Cancers of the esophagus are usually found because of the symptoms they cause. Diagnosis in people without symptoms is rare and usually accidental (because of tests done for other medical problems). Unfortunately, most esophageal cancers do not cause symptoms until they have reached an advanced stage, when they are harder to treat.
The most common symptom of esophageal cancer is a problem swallowing, with a feeling like the food is stuck in the throat or chest, or even choking on food. The medical term for trouble swallowing is dysphagia. This is often mild when it starts, and then gets worse over time as the opening inside the esophagus gets narrower.
When swallowing becomes harder, people often change their diet and eating habits without realizing it. They take smaller bites and chew their food more carefully and slowly. As the cancer grows larger, the problem can get worse. People then may start eating softer foods that can pass through the esophagus more easily. They may avoid bread and meat, since these foods typically get stuck. The swallowing problem may even get bad enough that some people stop eating solid food completely and switch to a liquid diet. If the cancer keeps growing, at some point even liquids might be hard to swallow.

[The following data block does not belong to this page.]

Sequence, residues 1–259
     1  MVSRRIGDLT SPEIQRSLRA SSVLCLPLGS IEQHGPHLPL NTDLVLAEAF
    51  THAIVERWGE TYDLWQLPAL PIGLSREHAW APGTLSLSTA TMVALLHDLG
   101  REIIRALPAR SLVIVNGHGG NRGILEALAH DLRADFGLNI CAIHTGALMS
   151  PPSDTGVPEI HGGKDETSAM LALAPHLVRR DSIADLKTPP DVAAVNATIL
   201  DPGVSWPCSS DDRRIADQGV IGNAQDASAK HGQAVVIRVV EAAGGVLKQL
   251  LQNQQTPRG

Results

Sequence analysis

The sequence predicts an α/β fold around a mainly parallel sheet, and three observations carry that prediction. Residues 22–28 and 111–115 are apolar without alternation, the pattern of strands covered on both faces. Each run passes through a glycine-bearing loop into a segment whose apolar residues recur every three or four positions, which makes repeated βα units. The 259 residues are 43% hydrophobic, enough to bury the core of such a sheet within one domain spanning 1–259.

To help pass food through the esophagus, the body makes more saliva. This causes some people to complain of bringing up lots of thick mucus or saliva.
Sometimes, people complain of pain or discomfort in the middle part of their chest. Some people describe a feeling of pressure or burning in the chest. These symptoms are more often caused by problems other than cancer, such as heartburn, so they are rarely seen as a signal that a person might have cancer.
Swallowing may become painful if the cancer is large enough to limit the passage of food through the esophagus. Pain may be felt a few seconds after swallowing, as food or liquid reaches the tumor and has trouble getting past it.
About half of people with esophageal cancer lose weight (without trying to). This happens because their swallowing problems keep them from eating enough to maintain their weight. Other factors include a decreased appetite and an increase in metabolism from the cancer.
Other possible symptoms of cancer of the esophagus can include:
- Chronic cough
- Bone pain
- Bleeding into the esophagus. This blood then passes through the digestive tract, which may turn stools black. Over time, this blood loss can lead to anemia (low red blood cell levels), which can make a person feel tired.
Having one or more of the symptoms above does not mean you have esophageal cancer. In fact, many of these symptoms are more likely to be caused by other conditions. Still, if you have any of these symptoms, especially trouble swallowing, it’s important to have them checked by a doctor so that the cause can be found and treated, if needed.
Last Revised: 02/04/2016